Each year huge sums of public money are spent on procurement – funding everything from roads, to schools, housing, water and power supply and other community improvement. But with such vast expenditures, opportunities for public money to be lost through fraud corruption and mismanagement are rife. That’s why it’s vital to make the whole process around procurement transparent, open and accountable.
At Transparency International we have developed a tool to help governments, businesses and civil society fight corruption in the field of public procurement. Integrity Pacts are an agreement between a government offering a procurement contract and the companies bidding for it. The pact states that the companies will abstain from bribery, collusion and other corrupt practices during the execution of a contract. A third party, usually from civil society, then monitors the entire project, to ensure that the process is transparent, clean and fair.
Integrity Pacts not only help ensure clean operations on the part of contractors and public officials during the execution of a project; they also yield other benefits. Integrity Pacts provide enhanced access to information, increasing the level of transparency in public contracts. This, in turn, leads to greater confidence and trust in public decision-making, less litigation over procurement processes and more bidders competing for contracts. Integrity pacts can also encourage institutional changes, such as the increased use of e-procurement systems, simplified administrative procedures and improved regulatory action. They can help save taxpayer funds, ensure that infrastructure projects and other public works are delivered efficiently, and stave off avenues for illicit gain.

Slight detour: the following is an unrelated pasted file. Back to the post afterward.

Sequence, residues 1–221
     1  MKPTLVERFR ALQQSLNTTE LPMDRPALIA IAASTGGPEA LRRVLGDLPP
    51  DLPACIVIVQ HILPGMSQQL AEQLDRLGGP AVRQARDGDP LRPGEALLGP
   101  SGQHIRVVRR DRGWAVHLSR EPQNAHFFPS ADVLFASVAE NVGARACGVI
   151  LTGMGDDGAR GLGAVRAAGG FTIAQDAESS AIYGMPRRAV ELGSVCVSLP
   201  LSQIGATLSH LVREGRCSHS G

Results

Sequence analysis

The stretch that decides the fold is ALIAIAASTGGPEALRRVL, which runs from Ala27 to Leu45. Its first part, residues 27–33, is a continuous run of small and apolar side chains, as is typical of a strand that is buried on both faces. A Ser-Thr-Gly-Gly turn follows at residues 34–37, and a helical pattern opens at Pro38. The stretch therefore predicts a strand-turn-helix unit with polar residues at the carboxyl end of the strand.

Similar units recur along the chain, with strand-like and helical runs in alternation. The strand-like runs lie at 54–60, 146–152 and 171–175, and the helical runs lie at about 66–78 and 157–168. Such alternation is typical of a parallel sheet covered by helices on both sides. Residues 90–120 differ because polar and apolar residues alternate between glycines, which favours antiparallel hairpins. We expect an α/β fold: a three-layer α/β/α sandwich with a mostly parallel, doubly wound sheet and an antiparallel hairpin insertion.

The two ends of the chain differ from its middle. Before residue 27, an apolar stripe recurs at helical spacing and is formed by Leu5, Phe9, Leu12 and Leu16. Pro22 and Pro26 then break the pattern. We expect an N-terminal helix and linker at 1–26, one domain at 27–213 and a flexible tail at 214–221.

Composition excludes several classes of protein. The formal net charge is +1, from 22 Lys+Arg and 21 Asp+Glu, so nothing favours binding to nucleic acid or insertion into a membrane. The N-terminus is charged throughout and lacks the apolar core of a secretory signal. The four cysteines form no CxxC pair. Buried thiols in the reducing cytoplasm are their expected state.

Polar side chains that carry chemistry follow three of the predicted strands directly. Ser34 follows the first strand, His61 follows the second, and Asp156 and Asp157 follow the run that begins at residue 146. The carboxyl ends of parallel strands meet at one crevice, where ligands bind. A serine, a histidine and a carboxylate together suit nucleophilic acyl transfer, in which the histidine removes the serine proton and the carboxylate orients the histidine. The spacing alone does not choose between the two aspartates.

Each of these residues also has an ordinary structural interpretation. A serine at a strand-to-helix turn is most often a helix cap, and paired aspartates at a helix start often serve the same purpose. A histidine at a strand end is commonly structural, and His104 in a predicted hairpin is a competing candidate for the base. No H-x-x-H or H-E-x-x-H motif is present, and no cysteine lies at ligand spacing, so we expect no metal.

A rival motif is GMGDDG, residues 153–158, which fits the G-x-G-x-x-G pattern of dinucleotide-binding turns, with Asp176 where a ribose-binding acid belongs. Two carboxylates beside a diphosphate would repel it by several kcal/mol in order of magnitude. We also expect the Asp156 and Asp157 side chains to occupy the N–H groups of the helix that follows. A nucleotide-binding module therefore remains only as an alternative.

Four years going forward
Transparency International and the European Commission have partnered to roll out Integrity Pacts for structural and cohesion funded projects in several EU member states. The overall project for safeguarding EU funds is split into two phases.
The first phase began on 1 January 2015 and ran for nine months. This preparatory phase secured participation of national authorities and civil society organisations in different EU Member States, and identified suitable projects to implement with Integrity Pacts. The project also developed a monitoring mechanism to evaluate the effectiveness of the Integrity Pacts in enhancing transparency and accountability.
The second phase involved rolling out 17 individual projects, in partnership with other civil society organisations, across 11 EU countries. In the next four years Integrity Pacts will be used to monitor over €920 million of EU co-funded projects, helping to ensure that structural and cohesions funds reach the communities that they are designed to help.
Today we are bringing together contracting and managing authorities, civil society and the European Commission in Brussels to kick-start this ambitious four year project funded by the European Commission.
Update: You can find presentations from this event below:
- Mr. Walter Deffaa, Director-General, Directorate General for Regional and Urban Policy, European Commission; Presentation
- Ms. Anna-Lena Zademach-Schwierz, Directorate-General for Regional and Urban Policy, European Commission; Presentation
- Ms. Claire Martin, Integrity Pact Technical Coordinator, Transparency International: Role of Civil Society in Promoting Good Governance in Public Procurement: Lessons Learned; Presentation
- Mr. François Arbault, Head of Unit, Directorate General Internal Market, Industry, Entrepreneurship and SMEs, European Commission; Presentation
- Ms. Iveta Koleva, Road Infrastructure Agency, Bulgaria; Presentation